Monel belongs to the group of alloys based on nickel. The composition of Monel consists of nickel and copper with smaller amounts of carbon and silicon. These alloys are fabricated using hot-cold-working, machining, and welding, as well. Monel is also known for its resistance to many corrosive agents, which includes rapidly flowing seawater.
Monel is a costly alloy and is used only for limited applications. Monel is also difficult to machine and work hardens quickly making it difficult to use. K-500 Monel is a type of Monel alloy with aluminum and titanium additions, which give it greater strength. Whereas, Monel 400 alloy executes amazing mechanical properties at sub-zero temperatures. Monel is used in the aerospace industry for aircraft construction as it can resist the heat generated due to friction during extremely high-speed flights. Monel alloy also has good resistance to hydrofluoric acid. It is used in many chemical industries to contain concentrated amounts of hydrofluoric acid. The alloy is also resistant to sulphuric acid and hydrochloric acids in many forms under reducing conditions.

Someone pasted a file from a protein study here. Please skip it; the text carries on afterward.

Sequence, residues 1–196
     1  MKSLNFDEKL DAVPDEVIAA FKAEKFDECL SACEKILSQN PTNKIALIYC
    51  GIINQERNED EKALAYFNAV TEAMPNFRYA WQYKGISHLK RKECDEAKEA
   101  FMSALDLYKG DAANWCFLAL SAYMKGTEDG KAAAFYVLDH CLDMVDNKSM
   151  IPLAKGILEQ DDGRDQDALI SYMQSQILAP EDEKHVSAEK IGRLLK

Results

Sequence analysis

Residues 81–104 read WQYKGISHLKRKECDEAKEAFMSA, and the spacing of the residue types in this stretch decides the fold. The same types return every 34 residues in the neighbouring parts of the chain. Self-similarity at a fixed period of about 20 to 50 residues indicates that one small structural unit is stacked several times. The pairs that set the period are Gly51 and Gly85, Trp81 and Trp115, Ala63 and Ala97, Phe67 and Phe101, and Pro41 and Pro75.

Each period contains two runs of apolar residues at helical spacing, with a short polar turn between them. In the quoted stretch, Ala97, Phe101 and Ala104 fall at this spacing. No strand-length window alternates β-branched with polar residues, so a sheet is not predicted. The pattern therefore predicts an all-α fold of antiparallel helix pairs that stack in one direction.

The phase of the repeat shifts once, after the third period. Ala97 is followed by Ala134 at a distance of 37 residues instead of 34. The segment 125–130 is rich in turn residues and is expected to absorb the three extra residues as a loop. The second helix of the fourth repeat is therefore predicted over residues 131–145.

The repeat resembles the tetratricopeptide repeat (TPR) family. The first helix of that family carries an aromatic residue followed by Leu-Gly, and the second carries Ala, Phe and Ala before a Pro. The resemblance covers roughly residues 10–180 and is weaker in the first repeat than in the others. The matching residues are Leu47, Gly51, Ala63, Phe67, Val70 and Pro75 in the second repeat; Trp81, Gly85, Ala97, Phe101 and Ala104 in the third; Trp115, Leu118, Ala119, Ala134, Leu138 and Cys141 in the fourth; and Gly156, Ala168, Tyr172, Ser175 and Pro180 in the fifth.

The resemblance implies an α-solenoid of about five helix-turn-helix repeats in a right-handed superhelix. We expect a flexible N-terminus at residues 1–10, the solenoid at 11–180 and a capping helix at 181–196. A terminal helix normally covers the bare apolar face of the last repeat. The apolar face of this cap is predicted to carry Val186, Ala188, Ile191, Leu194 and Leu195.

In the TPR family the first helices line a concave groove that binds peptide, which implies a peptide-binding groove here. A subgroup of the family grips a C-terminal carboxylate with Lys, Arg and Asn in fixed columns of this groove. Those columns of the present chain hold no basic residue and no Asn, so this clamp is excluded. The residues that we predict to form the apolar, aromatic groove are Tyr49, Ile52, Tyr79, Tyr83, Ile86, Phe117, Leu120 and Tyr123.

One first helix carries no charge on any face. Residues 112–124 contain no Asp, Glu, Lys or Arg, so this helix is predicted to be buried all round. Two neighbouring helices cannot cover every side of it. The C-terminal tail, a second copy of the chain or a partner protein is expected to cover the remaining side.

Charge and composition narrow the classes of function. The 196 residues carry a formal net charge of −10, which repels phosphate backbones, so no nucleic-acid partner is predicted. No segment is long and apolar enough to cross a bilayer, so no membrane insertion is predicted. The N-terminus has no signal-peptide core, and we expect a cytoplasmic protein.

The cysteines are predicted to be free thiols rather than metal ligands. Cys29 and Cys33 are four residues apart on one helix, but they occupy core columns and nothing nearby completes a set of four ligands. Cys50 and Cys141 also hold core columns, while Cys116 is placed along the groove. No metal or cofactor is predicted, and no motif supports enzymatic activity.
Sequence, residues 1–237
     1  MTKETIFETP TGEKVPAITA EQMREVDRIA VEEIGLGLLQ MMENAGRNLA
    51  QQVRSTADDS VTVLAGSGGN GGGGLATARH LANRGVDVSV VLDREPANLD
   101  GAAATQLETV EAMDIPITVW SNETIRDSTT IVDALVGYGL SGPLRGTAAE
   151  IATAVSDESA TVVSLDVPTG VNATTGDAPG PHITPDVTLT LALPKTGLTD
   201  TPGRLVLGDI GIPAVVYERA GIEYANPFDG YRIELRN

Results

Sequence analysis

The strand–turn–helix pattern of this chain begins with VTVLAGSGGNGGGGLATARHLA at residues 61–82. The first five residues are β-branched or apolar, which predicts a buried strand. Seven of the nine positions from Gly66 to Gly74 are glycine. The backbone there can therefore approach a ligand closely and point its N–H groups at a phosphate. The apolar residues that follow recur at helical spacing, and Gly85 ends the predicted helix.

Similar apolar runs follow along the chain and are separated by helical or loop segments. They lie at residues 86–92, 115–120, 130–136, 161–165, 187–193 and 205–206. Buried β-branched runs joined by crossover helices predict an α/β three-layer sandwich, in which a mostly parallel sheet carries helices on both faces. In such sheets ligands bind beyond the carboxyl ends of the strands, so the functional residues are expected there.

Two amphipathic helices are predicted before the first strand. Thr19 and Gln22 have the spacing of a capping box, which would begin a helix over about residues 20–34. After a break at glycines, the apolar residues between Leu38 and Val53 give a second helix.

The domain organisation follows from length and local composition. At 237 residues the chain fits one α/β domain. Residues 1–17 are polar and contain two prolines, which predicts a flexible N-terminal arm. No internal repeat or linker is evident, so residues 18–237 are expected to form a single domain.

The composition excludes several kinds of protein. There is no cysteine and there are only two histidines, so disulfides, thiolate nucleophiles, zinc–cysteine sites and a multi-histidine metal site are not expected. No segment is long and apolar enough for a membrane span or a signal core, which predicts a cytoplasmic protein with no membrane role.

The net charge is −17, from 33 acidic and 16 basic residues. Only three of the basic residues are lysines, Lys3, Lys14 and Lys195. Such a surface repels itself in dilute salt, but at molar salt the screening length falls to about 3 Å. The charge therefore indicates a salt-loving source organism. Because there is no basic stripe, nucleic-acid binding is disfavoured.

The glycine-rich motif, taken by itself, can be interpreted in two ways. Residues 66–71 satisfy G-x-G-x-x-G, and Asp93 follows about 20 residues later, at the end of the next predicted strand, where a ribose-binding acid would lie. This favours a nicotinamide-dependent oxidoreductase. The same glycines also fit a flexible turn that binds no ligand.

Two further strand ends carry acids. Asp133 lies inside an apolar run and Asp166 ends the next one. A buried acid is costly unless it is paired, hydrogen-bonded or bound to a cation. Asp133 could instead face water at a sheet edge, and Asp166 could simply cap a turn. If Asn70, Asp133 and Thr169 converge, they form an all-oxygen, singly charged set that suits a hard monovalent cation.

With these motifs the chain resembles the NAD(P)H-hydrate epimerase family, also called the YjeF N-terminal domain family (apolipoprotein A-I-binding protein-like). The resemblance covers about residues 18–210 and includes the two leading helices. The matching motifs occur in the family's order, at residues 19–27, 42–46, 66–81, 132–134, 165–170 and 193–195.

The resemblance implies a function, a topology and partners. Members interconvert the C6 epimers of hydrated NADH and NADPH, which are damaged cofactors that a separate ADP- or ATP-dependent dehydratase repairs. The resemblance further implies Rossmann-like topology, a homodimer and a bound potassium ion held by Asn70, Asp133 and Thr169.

Monel Industrial Metals have a Harmonized Tariff Schedule (HTS) code of 74090200.
Monel Industrial Metals can be welded using a combination of manual and automatic welding techniques, such as oxy-acetylene welding, shielded metal arc welding and Gas Tungsten Arc Welding (GTAW).
Monel Industrial Metals are not magnetic but exhibit weak magnetism when placed in a strong magnetic field.
Monel has a melting point range of 1300-1390°C (2372-2534°F). At its lowest, the metal remains solid but highly malleable and at its highest, it is fully molten.
Monel exhibits high thermal conductivity, typically ranging between 65–108 W/mK. This is because it mainly consists of copper and nickel, which are both excellent heat transfer materials. Additionally, the alloy has a low electrical resistivity which helps enhance its overall thermal properties.